Monday, August 4, 2008

"America's Decline" in Becker and Posner's Blog

Becker and Posner have a new blog post up on "America's Decline". Becker leads, and Posner responds. It doesn't delve too deeply into anything, but these are smart guys, so it's always interesting to hear what they have to say.

I responded to Posner's comment - which I think is a little better - with much the same argument that I use in my "Folk Economics" post from a couple weeks back.

In other news, "The Dark Knight" is an amazing movie - I highly recommend you see it in theaters. Very dark, as everyone is saying. I've also heard people say that it wouldn't be as big of a deal if Heath Ledger hadn't died. This is not true either, by any stretch. This movie would have launched Ledger's career out of the "pretty boy" roles he's used to and into a whole new range of potential characters. They said that "Brokeback Mountain" demonstrated that Ledger could play weightier roles than he had in the past, but trust me - gay cowboys don't hold a candle to this new Joker. He stole the show.

I also saw the preview for "The Watchmen". I've never read the graphic novel, but now I'm intrigued. It's really confusing to understand exactly what's going on from the preview, though. I'll need to educate myself.


Evan said...

Interesting thoughts from Becker and Posner... it made me think a lot about Rome, actually, which you brought up. My thoughts were of course more geared towards my own work; I was wondering about the idea of "decline" through the lens of Augustine's City of God. In particular, what decline means from different vantage points and how citizens should react to decline in their society. I think this question can be answered differently depending on what sort of investment you have in your society, so a religious person, especially those with sectarian proclivities, may be duty bound not to become too concerned about the decline except as a sideline spectator (or railing prophet, as the case may be).

Sorry, not exactly on topic. Thanks for the link, though.

dkuehn said...

No, but that's actually an interesting thought. It seems like we're always scraping around for the lowest common denominator between us that might be paper fodder, and I never thought of "the Augustinian perspective on civilizational decline".

Honestly, I've been thinking of this a lot lately. Its not that I'm pessimistic at all about our prospects - I think we're going to dominate this planet for a good long time to come. But between international terrorism on one hand and the rise of China and the EU on the other, this generation is going to face some major challenges. Similar to the USSR, I guess - but there really wasn't any chance that the USSR would eclipse us. there is a possibility that the EU might eclipse us, or China in the further distant future.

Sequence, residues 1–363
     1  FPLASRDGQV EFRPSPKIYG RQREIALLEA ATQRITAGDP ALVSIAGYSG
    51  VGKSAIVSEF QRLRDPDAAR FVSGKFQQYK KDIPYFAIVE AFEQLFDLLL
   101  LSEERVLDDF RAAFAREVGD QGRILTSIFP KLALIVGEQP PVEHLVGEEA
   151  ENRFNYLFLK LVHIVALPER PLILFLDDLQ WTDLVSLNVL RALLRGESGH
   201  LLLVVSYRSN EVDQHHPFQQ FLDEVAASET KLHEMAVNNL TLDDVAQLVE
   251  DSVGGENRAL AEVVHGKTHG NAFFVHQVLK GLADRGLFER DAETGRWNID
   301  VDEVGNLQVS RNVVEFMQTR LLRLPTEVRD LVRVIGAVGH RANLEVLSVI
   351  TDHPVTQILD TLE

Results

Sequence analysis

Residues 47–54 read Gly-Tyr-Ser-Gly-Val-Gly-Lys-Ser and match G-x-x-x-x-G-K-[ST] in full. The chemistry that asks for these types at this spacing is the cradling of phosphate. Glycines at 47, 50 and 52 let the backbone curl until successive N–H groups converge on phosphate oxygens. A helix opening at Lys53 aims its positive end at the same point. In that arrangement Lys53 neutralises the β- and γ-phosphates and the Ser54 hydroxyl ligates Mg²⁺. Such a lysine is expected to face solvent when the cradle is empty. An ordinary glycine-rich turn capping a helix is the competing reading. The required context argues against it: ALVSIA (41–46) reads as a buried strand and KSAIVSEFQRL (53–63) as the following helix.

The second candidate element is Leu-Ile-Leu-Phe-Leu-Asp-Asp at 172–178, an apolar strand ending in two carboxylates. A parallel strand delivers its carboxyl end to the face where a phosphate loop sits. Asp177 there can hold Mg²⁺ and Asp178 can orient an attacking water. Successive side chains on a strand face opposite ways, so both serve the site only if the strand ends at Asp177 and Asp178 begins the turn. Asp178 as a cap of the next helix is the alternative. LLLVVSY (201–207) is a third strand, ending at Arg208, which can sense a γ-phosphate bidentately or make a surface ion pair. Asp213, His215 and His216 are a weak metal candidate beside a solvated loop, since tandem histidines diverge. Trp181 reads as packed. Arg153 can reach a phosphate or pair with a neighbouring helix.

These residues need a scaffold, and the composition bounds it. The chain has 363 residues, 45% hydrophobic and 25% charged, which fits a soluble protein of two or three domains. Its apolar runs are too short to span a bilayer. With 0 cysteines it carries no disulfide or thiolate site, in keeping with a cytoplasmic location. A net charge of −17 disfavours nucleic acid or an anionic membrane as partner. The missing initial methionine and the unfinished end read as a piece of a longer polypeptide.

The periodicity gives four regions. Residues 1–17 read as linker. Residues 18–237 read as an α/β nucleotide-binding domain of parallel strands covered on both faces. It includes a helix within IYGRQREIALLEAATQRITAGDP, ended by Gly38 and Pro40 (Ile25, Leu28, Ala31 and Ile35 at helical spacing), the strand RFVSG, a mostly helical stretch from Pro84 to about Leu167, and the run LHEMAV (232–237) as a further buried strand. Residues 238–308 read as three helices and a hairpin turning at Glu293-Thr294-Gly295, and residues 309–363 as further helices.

Does Augustine address these issues directly, or does it just pervade what he writes because it was the times?

Evan said...

It's hard to tell with Augustine. His thought is so crusted over these days with cafeteria style pickings-and-choosings of his readings by interpreters of various ideological commitments. In the City of God what he means to address is (in the first part at least) a defense of Christians against pagans who say that worship of the Christian God is what caused Rome to fall. He talks a lot about virtue and the foundations of a society, and I think that's where you would get the direct thoughts about cultural decline. He's in conversation with the classical authors about great Roman leaders and the example they set for contemporary Romans, who live up to or fall short of the ideal. He also talks about the desire for virtue, glory, and domination as they relate to each other, and how the Roman pursuit of these in inordinate fashion had led to its demise.

As to the US, I think you're right. While (as you mention about China) there will be increased international competition (I'm thinking of the silicon revolution in Eastern Europe as well), we're still seeing people flood to the US for education; the US is still central for dissemination of information around the world, and the world is still happy to follow something as pointless as the 2008 election. I guess what I'm saying is that, right or wrong, there's still somewhat of an America fixation that I think signals our central place in the world; in may not be as economically dominant in relative terms, but as you point out, this will also make things more stable.

As far as terrorism goes, I think it's not so much terrorism as our inability to respond to it (as well as our mistakes during the Cold War that led to it). I was listening to NPR this morning where an author talked about his book on the Iraq War, and he made the point of how unfortunate it is that America really botched its moral capital in how it approached Iraq, precisely when our moral capital was valuable for the global situation. I think that if we had done the job right against Al Qaeda in Afghanistan and not been distracted, things would have been much better for our place in the world, even given Cold War meddling that has us on the shit list of a number of countries. It's challenges such as terrorism that can strengthen the US as a society if we respond virtuously to the dilemma.